Gunter provides incredible detail about the biology of menopausal bodies, and offers thorough footnotes that link to more in-depth studies for those who’d like to know more. She is attentive to the ways in which class, race, culture, and nationality all contribute to a person’s experience of menopause, sometimes alleviating symptoms (in cases where individuals have access to good healthcare and insurance, for example) or compounding them (such as when a person lacks access to nutritious food). She has little patience for supplements and non-FDA recommended “treatments” for menopause, while extending enormous understanding to those who have been taken in by marketing that exploits how little most people know about this period of their lives.
Part of what we don’t know about menopause is its history. While Gunter offers a good summary of how published western medical texts have talked about menopause since 1582, we know from critical scholarship in the history of women, gender, and reproduction that the authors of such texts were often far removed from the actual business of living with a vagina. Well into the nineteenth century, for example, birthing and healing in the United States were the business of women. While midwives were skilled professionals who presided over most births, they were also assisted by neighbors and friends of the laboring individual. Knowledge about bodies was thus primarily passed between community members, and the idea of having a man present as an attending physician caught on slowly, depending deeply on location (urban or rural) and the class of the person giving birth. As more individuals turned to doctors to help them give birth, community knowledge about bodies declined, perhaps reaching its nadir in the 1950s and ’60s when a not insignificant number of people got pregnant without knowing how.
Given this, what attention can we bring to our historical understanding of menopause? It seems likely that understanding and managing menopause was also something community members shared with one another before the rise of men as OB/GYNs, and that this knowledge may have been lost as the experience of reproduction became an isolating event. It would be rewarding to know more about the lived experience of menopause that has ultimately left so many of us – myself included, testosterone pellets and all – without the knowledge we need to make informed decisions about our bodies. We are so used to hearing of the menopause spoken of as the “change of life.” Gunter’s book offers the promise of a change of thought, one which may well help historians of women, gender, and medicine write about this subject well into the future.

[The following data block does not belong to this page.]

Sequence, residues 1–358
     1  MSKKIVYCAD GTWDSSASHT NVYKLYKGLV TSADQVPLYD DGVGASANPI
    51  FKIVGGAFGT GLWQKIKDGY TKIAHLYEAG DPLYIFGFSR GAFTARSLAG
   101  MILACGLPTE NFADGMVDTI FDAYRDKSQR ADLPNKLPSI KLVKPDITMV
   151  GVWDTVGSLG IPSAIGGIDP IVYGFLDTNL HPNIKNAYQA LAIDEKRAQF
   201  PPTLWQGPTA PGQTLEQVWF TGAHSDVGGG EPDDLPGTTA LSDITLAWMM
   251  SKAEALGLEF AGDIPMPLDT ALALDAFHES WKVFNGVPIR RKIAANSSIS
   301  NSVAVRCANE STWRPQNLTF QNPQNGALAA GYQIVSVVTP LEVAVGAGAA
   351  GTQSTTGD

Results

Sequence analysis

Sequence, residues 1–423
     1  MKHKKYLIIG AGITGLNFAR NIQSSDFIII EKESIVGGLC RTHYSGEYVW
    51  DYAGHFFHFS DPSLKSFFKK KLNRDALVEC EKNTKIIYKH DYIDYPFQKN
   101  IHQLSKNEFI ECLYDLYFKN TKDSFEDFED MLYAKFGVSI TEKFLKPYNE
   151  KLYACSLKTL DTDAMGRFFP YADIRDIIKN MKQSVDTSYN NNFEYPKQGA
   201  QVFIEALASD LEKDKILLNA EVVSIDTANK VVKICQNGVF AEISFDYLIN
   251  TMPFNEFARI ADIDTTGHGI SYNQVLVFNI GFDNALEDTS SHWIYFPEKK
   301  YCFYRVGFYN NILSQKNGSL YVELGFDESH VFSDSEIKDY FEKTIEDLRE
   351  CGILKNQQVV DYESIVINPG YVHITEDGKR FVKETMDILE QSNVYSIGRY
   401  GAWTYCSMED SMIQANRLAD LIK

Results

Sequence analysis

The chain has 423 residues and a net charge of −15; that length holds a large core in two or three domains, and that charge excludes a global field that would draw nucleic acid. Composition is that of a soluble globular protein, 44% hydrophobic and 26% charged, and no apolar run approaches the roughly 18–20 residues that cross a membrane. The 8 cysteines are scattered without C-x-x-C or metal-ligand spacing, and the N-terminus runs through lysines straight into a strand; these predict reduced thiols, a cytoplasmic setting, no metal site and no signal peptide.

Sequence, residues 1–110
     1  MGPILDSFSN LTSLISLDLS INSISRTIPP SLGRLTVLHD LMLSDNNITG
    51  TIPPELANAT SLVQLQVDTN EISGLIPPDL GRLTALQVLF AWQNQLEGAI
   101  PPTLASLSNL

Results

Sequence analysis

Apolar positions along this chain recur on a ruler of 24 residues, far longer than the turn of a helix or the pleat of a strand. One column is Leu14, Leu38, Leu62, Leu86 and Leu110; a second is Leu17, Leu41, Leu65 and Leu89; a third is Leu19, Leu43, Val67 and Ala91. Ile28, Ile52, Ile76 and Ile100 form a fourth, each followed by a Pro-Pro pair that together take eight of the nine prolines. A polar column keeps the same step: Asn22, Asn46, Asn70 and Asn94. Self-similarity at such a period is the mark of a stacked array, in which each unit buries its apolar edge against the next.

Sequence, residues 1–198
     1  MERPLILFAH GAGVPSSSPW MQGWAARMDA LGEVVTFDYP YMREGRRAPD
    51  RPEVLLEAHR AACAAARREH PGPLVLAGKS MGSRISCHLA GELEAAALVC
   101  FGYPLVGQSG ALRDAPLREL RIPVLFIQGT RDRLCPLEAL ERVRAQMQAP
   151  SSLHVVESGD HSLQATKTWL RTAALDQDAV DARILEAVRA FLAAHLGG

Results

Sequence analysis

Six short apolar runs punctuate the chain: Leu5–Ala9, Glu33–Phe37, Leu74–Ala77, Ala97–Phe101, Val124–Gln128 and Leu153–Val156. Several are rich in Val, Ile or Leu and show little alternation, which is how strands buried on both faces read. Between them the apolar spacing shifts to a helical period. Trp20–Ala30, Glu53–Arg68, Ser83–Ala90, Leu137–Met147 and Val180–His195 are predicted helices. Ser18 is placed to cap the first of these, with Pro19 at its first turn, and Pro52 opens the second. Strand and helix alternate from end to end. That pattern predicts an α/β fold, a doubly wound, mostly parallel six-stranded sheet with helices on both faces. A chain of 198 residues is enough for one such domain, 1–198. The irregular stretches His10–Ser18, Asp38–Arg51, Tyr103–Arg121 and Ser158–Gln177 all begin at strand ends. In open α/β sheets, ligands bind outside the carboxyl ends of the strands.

- Gunter prefers to call the entire experience of moving toward a final menstrual period as menopause, or the menopause transition. Perimenopause is, however, a term widely used to signal the time period where an individual feels the effects of their reproductive system experiencing puberty in reverse (3), reserving “menopause” for the milestone of having had no menstrual periods for twelve months. ↑
- For an introduction to some of this history, see Linda Gordon, The Moral Property of Women: A History of Birth Control Politics in America (University of Illinois Press, 2003); Ann Fessler, The Girls Who Went Away: The Hidden History of Women Who Surrendered Children for Adoption in the Decades Before Roe v. Wade (Penguin, 2007); Dorothy Roberts, Killing the Black Body: Race, Reproduction, and the Meaning of Liberty (Vintage, 1998); Rebecca J Tannenbaum, The Healer’s Calling: Women and Medicine in Early New England (Cornell University Press, 2002); Brianna Theobold, Reproduction on the Reservation: Pregnancy, Childbirth, and Colonialism in the Long Twentieth Century (University of North Carolina Press, 2019); Laurel Thatcher Ulrich, A Midwife’s Tale: The Life of Martha Ballard, Based on Her Diary, 1785–1812 (Vintage, reprint 1991). ↑